Award-winning actress Sandra Bullock has always been an independent, often tomboyish personality among the fashionable Hollywood elite. Here she explains to Gabrielle Donnelly how her new life as a stepmum out in Texas provides the perfect balance to the glitz of the film industry
Sandra Bullock’s new movie, The Proposal, sees her playing a buttoned-up editor at a New York publishing house, with a demeanour so cold it could freeze a Sunday roast with just one icy blast. The fact that she pulls it off at all is a testament to her acting skill, because in real life, Sandy – as you quickly learn to call her – could not be more different.
She’s a warm, earthy, friendly sort, given to long speeches punctuated with dramatic wavings of the arms and a delighted cackle of a laugh. Yet at 45 and poised at the top of her glamorous profession, a touch of the tomboy hangs about her still. She recently commented that, as fashion icons go, she is far from the league of Sarah Jessica Parker or Nicole Kidman. But, in some ways she is luckier than either of these because, as she points out when we meet on a sunny morning in Beverly Hills, she is in the fortunate position of being able to be as glamorous – or as non-glamorous – as she damn well chooses, whenever she damn well chooses.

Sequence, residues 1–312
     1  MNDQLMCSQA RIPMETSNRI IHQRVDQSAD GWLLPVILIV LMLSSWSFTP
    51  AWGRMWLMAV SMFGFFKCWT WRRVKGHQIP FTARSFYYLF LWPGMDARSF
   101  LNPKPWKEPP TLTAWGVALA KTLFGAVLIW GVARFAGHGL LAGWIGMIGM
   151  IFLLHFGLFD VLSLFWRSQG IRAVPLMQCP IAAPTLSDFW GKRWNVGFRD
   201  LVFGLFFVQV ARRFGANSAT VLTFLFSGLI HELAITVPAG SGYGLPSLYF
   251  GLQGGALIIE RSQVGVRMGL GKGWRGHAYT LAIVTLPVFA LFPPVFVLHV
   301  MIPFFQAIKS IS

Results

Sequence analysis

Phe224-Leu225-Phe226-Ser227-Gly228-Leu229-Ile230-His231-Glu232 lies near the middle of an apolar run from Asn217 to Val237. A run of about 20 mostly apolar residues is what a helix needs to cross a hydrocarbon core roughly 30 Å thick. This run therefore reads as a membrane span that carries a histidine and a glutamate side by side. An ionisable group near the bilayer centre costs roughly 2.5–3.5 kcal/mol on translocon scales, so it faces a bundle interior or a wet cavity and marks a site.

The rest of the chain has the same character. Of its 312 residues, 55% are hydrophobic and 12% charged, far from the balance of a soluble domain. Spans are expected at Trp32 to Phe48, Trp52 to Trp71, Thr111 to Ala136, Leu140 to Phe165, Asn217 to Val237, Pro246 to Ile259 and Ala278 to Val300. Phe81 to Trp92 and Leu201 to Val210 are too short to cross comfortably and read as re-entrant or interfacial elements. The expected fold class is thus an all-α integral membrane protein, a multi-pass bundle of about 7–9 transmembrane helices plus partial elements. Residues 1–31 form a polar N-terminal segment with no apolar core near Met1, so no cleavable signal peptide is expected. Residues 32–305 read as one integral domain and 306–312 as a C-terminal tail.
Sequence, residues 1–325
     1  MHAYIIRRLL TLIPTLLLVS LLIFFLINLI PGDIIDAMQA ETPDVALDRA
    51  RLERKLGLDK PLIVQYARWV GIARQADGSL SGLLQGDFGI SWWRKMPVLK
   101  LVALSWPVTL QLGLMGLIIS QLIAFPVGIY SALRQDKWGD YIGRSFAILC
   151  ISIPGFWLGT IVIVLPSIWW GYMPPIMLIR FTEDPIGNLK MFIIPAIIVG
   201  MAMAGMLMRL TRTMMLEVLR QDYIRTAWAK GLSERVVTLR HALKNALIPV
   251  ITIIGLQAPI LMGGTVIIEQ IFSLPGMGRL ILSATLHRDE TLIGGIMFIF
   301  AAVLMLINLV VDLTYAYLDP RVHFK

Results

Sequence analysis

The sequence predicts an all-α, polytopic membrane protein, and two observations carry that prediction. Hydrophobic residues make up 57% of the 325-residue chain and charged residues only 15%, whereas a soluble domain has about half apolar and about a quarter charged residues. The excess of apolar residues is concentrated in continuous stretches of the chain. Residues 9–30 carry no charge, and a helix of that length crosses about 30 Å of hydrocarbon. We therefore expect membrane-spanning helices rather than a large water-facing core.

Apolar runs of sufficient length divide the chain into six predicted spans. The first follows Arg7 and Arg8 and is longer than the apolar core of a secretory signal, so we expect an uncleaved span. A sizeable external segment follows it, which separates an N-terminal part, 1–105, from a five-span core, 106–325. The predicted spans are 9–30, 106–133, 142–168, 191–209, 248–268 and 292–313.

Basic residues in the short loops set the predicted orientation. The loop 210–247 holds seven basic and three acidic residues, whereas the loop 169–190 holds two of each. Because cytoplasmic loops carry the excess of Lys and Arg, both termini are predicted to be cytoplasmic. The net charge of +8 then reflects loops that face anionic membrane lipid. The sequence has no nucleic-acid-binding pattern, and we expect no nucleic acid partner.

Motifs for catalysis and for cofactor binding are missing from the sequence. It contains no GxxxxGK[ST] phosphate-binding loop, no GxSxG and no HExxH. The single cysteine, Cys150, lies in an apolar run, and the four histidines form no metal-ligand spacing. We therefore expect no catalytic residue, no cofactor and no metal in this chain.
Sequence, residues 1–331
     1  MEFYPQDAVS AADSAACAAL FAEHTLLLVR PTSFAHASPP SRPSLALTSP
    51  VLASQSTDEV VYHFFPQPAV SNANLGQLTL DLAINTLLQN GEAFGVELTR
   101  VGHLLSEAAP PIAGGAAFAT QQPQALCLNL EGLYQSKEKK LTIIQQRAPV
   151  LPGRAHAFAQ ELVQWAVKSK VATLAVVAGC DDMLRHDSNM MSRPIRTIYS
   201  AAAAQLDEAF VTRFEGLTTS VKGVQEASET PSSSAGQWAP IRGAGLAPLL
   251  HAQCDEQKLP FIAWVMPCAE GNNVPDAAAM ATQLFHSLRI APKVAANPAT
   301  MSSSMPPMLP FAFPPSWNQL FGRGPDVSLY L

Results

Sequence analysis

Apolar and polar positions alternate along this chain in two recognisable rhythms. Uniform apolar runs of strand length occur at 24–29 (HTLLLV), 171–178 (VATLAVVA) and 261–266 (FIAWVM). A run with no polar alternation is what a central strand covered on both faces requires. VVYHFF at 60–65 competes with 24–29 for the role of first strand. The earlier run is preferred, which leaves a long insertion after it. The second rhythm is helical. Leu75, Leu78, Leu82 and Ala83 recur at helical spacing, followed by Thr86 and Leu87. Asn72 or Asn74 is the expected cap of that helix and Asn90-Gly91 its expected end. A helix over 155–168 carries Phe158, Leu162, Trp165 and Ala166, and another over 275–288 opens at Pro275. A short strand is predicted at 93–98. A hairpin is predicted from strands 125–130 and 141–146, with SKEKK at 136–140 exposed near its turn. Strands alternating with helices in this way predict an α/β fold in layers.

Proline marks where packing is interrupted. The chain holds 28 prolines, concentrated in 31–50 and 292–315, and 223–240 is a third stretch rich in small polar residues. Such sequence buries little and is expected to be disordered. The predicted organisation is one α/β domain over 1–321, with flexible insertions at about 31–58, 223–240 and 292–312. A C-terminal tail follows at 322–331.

“Clothes can be stressful,” she says cheerfully, looking anything but stressed in a black Donna Karan top that shows off her slim, strong figure and flatters her creamy pale skin. “I sometimes feel that if I had a stylist to say, ‘Wear this’ or, ‘Wear that’ and put it out for me every day, then my life would be much easier. I tend to run around in jeans and t-shirts when I’m at home, because I’m always doing things that make me dirty. But I love fashion and couture as well, so when I do interviews I get to indulge my girlie-girl side, which is fun too.”
Sandra has marched to her own drumbeat since she was a child. The daughter of German-born opera singer Helga Meyer and businessman and part-time vocal coach John Bullock from Alabama, Sandra and her sister, Gesine, were brought up in Germany and America and taught from a very early age to live the way they wanted, rather than the way society told them to.
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